Two New Studies Say You Can Now Get Coronavirus This Way

While this activity was never deemed completely safe, new research shows that transmission is possible.

Heightened health risks and the travel restrictions that have been put in place due to the COVID-19 pandemic have made jet setting a much less popular activity in the last seven months or so. In fact, data shows that the number of scheduled flights is down by almost half compared with the same time last year, despite airlines around the world going to great lengths to keep their passengers safe. And while early reports indicated flying is not as risky as it may sound, it now appears that boarding a plane might still be dangerous: Two new studies have proven that it's possible for you to get coronavirus on flights.

Both studies were published in the Centers for Disease Control and Prevention's (CDC) journal Emerging Infectious Diseases, and examined the spread of COVID between passengers on long-haul trips. One studied a 15-hour flight from Boston to Hong Kong in March in which two passengers and two flight attendants tested positive for genetically identical strains of the virus after arriving, USA Today reports.

The other analyzed a 10-hour flight in March from London to Hanoi, Vietnam, on which 16 passengers aboard tested positive for COVID after arriving, with 12 of the cases having sat within two rows of one symptomatic person in business class. The authors of the study concluded that "seating proximity was strongly associated with increased infection risk."

COVID-19 Pandemic border closures. Young woman on the plane returning home city after being stuck in a foreign country as governments have restricted travel to stop the coronavirus spread.

Still, authors of both studies point out that there was no data available on how many people aboard were wearing face masks, which has become a requirement for flyers in the months since the flights in question took place.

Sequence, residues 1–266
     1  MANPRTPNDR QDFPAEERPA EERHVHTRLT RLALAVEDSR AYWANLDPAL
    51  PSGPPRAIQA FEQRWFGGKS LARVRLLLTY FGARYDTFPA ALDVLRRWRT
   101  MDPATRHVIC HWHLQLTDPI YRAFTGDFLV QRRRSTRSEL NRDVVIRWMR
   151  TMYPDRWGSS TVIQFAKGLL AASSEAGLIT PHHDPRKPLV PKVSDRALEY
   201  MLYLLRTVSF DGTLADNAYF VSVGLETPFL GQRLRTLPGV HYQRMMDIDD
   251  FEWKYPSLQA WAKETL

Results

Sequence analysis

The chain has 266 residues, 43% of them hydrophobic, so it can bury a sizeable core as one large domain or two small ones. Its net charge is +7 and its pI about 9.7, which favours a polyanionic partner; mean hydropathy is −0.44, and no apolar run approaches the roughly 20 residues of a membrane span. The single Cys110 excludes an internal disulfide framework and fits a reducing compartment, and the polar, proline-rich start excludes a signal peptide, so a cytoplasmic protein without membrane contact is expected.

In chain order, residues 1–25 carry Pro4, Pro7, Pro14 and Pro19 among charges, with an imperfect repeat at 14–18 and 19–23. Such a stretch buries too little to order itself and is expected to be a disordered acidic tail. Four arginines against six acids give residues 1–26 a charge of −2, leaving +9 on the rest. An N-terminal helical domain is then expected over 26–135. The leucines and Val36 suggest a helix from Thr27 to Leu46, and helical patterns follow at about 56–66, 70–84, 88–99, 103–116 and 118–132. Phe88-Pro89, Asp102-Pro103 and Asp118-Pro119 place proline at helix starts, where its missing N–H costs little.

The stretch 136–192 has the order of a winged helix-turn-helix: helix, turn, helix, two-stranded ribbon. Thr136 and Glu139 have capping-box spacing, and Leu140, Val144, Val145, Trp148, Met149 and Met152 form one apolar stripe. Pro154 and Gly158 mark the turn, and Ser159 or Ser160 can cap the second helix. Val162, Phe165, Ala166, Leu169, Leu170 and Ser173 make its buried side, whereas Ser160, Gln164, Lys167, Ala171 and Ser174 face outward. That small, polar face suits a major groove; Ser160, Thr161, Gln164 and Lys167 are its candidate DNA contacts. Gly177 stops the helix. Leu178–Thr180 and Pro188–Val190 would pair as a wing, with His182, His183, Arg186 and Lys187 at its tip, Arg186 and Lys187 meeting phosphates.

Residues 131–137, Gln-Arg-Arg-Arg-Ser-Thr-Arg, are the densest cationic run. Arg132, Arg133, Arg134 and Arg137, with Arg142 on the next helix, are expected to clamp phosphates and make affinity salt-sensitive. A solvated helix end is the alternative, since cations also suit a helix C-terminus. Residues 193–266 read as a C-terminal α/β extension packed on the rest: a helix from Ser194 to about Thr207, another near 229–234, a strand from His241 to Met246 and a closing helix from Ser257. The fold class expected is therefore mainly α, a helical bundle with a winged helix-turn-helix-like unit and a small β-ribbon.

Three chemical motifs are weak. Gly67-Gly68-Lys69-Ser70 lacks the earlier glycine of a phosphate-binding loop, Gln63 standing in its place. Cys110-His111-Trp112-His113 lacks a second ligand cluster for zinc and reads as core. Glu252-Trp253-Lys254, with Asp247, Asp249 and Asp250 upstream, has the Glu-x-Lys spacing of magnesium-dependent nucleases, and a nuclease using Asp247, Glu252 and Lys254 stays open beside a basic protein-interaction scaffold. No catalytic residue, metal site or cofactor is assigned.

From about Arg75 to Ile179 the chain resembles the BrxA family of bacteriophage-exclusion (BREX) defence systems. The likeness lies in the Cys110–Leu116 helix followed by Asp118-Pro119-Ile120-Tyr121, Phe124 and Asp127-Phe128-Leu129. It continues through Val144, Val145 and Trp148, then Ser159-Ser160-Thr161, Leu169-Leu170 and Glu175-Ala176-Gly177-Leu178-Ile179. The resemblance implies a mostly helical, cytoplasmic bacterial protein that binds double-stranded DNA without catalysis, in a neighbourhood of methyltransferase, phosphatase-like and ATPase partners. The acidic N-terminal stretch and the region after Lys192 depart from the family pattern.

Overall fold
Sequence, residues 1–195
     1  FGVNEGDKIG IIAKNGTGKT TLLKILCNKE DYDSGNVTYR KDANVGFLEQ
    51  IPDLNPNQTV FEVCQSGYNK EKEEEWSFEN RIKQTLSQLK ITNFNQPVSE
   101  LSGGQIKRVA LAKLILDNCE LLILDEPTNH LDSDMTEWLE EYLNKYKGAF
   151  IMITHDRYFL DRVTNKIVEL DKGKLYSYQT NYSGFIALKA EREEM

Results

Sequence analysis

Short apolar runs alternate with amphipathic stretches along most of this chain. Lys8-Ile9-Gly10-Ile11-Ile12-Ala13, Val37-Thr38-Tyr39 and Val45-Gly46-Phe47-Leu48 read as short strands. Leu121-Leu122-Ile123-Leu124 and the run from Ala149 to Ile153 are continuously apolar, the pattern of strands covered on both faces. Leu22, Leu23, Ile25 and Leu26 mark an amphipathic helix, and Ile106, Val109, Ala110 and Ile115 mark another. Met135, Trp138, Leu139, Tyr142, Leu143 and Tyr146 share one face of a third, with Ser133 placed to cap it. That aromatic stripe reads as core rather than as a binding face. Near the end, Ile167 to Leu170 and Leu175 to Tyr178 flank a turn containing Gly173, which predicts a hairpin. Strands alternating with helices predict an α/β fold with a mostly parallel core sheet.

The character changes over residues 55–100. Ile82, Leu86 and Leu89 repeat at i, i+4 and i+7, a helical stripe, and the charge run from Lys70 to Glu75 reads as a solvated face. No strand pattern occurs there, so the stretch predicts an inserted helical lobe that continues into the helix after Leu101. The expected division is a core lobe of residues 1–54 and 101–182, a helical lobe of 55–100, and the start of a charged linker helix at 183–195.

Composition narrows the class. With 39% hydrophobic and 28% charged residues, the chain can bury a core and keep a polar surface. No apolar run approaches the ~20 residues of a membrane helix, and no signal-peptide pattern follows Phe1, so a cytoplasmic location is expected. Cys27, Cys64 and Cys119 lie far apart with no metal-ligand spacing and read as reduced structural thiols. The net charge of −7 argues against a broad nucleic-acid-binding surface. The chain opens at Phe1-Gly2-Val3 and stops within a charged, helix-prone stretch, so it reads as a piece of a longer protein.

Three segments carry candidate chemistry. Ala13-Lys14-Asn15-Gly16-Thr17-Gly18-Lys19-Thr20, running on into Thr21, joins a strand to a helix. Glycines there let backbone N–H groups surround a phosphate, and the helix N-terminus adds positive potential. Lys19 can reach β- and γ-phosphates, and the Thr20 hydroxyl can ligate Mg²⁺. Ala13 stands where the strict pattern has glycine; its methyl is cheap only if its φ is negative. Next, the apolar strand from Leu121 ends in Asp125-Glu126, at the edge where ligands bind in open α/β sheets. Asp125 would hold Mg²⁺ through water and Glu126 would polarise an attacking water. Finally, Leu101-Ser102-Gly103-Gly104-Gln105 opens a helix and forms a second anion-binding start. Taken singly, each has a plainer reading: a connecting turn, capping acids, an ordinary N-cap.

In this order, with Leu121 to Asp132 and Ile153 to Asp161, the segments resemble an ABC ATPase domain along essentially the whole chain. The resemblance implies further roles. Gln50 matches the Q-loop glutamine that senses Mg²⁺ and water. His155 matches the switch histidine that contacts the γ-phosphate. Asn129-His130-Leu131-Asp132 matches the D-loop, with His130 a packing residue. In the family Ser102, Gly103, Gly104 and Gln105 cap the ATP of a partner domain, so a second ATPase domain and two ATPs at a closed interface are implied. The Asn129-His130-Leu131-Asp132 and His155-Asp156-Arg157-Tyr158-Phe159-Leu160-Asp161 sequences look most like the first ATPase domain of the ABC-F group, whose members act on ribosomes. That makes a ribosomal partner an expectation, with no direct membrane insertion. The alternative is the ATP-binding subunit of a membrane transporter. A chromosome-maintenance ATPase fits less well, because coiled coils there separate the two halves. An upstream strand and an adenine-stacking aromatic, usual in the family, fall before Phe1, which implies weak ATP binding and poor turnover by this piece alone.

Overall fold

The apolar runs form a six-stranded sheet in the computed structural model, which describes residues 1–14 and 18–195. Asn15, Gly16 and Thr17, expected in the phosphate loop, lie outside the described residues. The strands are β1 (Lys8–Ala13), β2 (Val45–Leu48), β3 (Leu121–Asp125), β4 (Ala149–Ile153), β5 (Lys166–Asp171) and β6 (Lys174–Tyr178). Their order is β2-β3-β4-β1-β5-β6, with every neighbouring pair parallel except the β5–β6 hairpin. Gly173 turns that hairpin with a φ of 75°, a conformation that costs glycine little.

But even though some airlines have instituted in-air distancing measures to space out passengers, the authors of the London flight study point out that those measures may still not be sufficient to keep travelers safe.

"We conclude that the risk for on-board transmission of SARS-CoV-2 during long flights is real and has the potential to cause COVID-19 clusters of substantial size, even in business class-like settings with spacious seating arrangements well beyond the established distance used to define close contact on airplanes," they write. "As long as COVID-19 presents a global pandemic threat … better on-board infection prevention measures and arrival screening procedures are needed to make flying safe."

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The CDC and other health experts have long noted that most viruses and other germs do not spread easily on flights because of how air is circulated and filtered on airplanes. "The air quality on a commercial airliner is actually quite high, with the air volume in the cabin being completely refreshed every two to four minutes," Kim Schive of MIT Medical explains. "Air flows into the cabin vertically—it enters from overhead vents and is sent downward in a circular motion, exiting at floor level. Once air leaves the cabin, about half is dumped outside, and the rest is sent through HEPA (high-efficiency particulate air) filters, similar to those used in hospitals, before being mixed with fresh outside air and entering the cabin again."

However, the studies do raise concerns that flying could be a risky move. Another recent study of 1,600 coronavirus cases found that close to 11,000 people had been potentially exposed on flights, but due to a lack of contact tracing information and the lag time between landing and the onset of symptoms, no cases were able to be conclusively linked, The Washington Post reports.

At this time, the CDC's travel guidelines note that staying safe on your way to the airport, while boarding, and deplaning is crucial. The agency suggests that you wear a mask to keep your nose and mouth covered, stay six feet away from anyone who's not from your household, wash your hands or use hand sanitizer frequently, and avoid touching your eyes, nose, and mouth.

They also point out that flying in particular can make some of these things impossible. "Air travel requires spending time in security lines and airport terminals, which can bring you in close contact with other people and frequently touched surfaces," they write. "However, social distancing is difficult on crowded flights, and sitting within six feet of others, sometimes for hours, may increase your risk of getting COVID-19." And for more behaviors that make your chances of contracting the virus spike, check out What You're Doing Every Day That Puts You at COVID Risk.

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Zachary Mack
Zach is a freelance writer specializing in beer, wine, food, spirits, and travel. He is based in Manhattan. Read more
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